The chart contains curves of predrawn nominal trajctories, limit lines and abort mode boundaries. The actual trajectory was plotted in real-time on this chart to spot deviations from the expected nominal trajectories. The chart is presenting the successive available abort modes along the ascent trajectory which enables the flight controllers to make adequate decsions with regard to the abort options in case of emergencies.

In figure 9b comments have been added to the chart.
To retain some of the authenticity of the original chart, the same US customary measurement units have been used in the redrawn version.

Markings for mode I, II and III have been left out
In the chart only two abort modes are represented: the S-IVB to contingency orbit insertion and the mode IV abort (SPS to contigency orbit insertion). Mode I, II and III have been left out.

S-IVB to COI capability
COI stands for Contingency Orbit Insertion. This option became available when the Saturn V stack had obtained a certain velocity and altitude. In case of a mid-flight the S-II stage failure, the S-IVB stage could be used to take over the powered flight to bring the spacecraft into orbit. In such an occurence the capability for a TransLunar injection burn is however lost.

Personal note:
Maybe there was a maximum time (one minute?) by which an S-IVB ignition could be moved up for a COI burn before the amount of propellant had dropped below a threshold value at which the TLI burn capability would have been lost.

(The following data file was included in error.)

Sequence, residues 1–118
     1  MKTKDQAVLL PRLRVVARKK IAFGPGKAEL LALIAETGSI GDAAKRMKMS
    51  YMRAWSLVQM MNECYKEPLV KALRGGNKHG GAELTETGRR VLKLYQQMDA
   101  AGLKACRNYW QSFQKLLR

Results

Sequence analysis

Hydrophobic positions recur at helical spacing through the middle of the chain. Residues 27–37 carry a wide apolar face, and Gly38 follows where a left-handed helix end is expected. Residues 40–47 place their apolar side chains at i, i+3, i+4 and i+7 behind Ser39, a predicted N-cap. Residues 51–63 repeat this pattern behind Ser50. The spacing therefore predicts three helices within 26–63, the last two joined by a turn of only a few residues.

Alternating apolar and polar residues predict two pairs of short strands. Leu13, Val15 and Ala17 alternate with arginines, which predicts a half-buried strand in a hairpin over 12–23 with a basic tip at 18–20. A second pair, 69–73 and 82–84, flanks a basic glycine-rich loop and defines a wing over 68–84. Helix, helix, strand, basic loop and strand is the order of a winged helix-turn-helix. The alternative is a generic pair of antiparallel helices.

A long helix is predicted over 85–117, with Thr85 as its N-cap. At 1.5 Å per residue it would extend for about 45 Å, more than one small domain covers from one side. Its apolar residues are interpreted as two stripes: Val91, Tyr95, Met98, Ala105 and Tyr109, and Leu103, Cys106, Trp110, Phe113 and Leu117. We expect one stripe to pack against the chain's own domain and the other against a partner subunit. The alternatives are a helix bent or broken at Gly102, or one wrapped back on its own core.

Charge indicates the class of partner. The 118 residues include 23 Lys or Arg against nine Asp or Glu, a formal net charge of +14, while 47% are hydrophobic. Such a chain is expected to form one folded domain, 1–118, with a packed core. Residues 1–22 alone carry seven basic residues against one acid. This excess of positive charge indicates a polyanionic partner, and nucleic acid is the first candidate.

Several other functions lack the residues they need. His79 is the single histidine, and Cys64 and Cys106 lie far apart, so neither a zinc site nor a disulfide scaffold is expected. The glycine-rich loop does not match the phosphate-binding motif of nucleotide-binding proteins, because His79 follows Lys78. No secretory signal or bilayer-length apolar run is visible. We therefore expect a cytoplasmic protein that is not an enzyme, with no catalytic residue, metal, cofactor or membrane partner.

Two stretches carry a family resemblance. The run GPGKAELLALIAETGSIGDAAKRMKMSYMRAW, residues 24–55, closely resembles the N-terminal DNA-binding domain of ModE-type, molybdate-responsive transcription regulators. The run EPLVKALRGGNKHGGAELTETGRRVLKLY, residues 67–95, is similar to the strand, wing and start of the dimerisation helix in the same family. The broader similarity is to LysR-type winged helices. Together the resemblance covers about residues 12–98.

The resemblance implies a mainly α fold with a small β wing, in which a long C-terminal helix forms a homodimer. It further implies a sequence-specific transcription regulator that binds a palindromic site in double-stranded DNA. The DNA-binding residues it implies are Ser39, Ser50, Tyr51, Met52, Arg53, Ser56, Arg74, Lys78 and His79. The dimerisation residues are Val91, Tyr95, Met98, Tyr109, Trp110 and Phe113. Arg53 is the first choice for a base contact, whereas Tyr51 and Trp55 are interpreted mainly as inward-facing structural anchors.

Mode IV: SPS to COI capability
The abort mode IV involved a COI by using the SPS. For inertial flighpath angles above zero this mode IV could be performed in two ways:

  1. An SPS posigrade burn as soon as the mode IV option becomes available;
  2. Suspend the SPS posigrade burn until the apogee was achieved. The burn at the apogee was called an apogee kick. This procedure was meant to optimize the efficiency of the burn to achieve an orbit with a perigee of 139 km (75 nautical miles).
AOS stands for Acquisition Of Signal. The range at which Grand Canary Island Tracking Station (CYI) is able to track the spacecraft was limited by the curvature of the Earth. To be able to assess the apogee kick an abort should happen within a period of time after the S-IVB ignition. Otherwise the apogee would be beyond the tracking horizon and this assessment capability would be lost.

Chart no.4 in figure 2
That chart shown in the group displays of the Mission Operations Control Room, was a projection version of more or less the same chart.
But a perceptive eye might discover that on that version there are a predrawn mode II limit line, a predrawn short line marking the moment of LET jettison and a predrawn exit heating limit line (the small wiggling curve left, near the chart boundary).
The long limit line is an element of the part that is drawn on the smallest scale which focuses on the near orbit insertion trajectory and is marking the upper limit of mode II. The short line belongs to the medium scale part of the chart and is marking the moment of LET jettison, the ending of mode IC and the beginning of mode II.